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The Oxford Philosophical Texts series consists of authoritative teaching editions of canonical texts in the history of philosophy from the ancient world down to modern times. Each volume provides a clear, well laid out text together with a comprehensive introduction by a leading specialist, giving the student detailed critical guidance on the intellectual context of the work and the structure and philosophical important of the main arguments and explain unfamiliar references and terminology, and a full bibliography and index are also included. The series aims to build up a definitive corpus of key texts in the Western philosophical tradition, which will from a reliable and enduring resource for students and teachers alike. Spinoza's Ethics is one of the classical texts of philosophy but is also one of the most difficult to understand because of the author's use of rigorous logical deduction and the geometrical framework within which his ideas are set. In Ethics, he discusses the nature of human beings and the way in which a rational person might live; the nature of God; and offers an account of true freedom and how it can be attained. This latest text in the Oxford Philosophical Texts series includes a new, lucid translation of the Ethics by G.H.R. Parkinson along with a comprehensive guide to the understanding of Spinoza's work. An extensive introduction includes: a short biography of Spinoza himself; the form of his writing including his own particular uses of definitions; an introductory guide through the philosophy of Ethics; and a summary of the contents of Ethics itself. Further aids include a glossary of terms, extensive notes to the text.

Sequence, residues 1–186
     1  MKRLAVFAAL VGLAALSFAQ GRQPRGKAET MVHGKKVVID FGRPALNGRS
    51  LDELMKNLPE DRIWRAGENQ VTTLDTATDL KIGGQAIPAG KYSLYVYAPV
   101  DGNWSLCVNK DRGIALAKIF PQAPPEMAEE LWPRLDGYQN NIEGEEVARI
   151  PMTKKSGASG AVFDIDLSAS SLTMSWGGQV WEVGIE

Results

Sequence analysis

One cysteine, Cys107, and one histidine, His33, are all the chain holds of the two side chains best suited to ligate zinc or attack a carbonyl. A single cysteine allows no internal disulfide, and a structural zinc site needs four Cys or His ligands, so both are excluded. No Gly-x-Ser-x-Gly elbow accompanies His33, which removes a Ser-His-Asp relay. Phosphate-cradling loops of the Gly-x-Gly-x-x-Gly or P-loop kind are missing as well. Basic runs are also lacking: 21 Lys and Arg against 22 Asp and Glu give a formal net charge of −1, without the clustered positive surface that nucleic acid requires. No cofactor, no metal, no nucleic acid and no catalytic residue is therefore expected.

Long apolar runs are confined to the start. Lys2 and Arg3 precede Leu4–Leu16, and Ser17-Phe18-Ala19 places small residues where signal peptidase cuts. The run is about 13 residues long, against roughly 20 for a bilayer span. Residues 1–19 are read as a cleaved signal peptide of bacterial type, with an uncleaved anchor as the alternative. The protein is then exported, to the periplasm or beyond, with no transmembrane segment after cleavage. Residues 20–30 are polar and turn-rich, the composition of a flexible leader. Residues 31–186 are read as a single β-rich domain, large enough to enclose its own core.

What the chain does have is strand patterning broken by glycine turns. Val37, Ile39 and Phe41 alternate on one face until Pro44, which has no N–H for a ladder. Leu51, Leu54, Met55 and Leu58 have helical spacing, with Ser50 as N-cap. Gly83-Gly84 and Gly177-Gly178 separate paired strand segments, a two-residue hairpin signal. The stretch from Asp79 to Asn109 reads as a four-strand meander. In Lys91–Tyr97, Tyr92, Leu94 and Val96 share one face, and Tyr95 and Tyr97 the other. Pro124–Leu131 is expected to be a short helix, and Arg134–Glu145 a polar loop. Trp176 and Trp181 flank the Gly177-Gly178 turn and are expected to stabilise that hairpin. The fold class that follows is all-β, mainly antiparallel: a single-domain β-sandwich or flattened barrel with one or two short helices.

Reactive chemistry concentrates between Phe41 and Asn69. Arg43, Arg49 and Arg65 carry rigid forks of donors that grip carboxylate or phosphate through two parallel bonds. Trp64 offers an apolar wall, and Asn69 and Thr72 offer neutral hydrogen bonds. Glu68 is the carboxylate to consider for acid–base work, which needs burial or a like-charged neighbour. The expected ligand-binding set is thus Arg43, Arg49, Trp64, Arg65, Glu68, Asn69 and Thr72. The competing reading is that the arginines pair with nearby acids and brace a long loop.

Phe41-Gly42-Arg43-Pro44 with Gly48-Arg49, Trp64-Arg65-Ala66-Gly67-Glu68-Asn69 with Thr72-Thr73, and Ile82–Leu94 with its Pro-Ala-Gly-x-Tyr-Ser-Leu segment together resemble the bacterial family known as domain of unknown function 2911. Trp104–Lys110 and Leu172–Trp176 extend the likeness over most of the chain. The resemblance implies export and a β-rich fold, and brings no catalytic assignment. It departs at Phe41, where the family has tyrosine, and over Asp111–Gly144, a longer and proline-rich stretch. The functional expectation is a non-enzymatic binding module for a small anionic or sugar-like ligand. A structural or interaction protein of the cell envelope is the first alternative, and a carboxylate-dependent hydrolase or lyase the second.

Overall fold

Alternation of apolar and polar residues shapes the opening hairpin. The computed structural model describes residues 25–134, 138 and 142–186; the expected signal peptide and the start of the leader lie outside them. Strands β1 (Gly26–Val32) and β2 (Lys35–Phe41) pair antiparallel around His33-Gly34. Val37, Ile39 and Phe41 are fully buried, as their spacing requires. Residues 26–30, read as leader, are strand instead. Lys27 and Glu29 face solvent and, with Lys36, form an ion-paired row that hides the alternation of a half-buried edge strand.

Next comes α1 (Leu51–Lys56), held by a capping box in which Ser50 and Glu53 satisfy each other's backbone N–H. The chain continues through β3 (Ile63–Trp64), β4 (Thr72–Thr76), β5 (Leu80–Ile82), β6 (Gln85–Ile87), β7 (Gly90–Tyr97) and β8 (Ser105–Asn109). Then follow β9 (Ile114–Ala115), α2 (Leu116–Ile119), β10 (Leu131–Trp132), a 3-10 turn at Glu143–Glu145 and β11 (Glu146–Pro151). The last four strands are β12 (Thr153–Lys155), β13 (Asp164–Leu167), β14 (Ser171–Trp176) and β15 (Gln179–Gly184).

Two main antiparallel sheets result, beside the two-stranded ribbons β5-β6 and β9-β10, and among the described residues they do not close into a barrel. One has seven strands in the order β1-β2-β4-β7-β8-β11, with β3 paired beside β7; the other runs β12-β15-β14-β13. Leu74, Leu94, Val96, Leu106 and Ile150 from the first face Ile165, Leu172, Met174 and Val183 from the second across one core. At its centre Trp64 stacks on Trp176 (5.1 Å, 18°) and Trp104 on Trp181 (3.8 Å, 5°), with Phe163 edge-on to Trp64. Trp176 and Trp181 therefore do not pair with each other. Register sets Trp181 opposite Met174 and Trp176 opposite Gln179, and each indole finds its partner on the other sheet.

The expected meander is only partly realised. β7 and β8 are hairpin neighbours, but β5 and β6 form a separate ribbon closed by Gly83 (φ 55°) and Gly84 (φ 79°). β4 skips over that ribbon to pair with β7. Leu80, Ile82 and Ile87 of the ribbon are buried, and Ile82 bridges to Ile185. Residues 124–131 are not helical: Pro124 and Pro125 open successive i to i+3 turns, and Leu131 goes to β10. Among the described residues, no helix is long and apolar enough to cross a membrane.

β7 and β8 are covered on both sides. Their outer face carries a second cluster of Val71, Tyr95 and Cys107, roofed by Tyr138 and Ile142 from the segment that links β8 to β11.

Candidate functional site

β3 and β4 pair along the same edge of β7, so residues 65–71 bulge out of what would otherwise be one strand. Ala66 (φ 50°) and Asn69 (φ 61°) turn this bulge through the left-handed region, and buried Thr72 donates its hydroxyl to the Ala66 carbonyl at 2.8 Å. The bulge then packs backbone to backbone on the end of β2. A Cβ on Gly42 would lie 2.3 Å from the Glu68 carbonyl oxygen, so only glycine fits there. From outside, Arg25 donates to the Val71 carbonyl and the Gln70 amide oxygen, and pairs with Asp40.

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Citations of this work BETA
Benjamin Schnieder (2006). A Certain Kind of Trinity: Dependence, Substance, Explanation. Philosophical Studies 129 (2):393 - 419.
Oscar Horta (2010). What is Speciesism? Journal of Agricultural and Environmental Ethics 23 (3):243-266.
Samuel Newlands (2010). Another Kind of Spinozistic Monism. Noûs 44 (3):469-502.
Josep E. Corbí (2010). First-Person Authority and Self-Knowledge as an Achievement. European Journal of Philosophy 18 (3):325-362.
Peter Nilsson (2011). On the Suffering of Compassion. Philosophia 39 (1):125-144.
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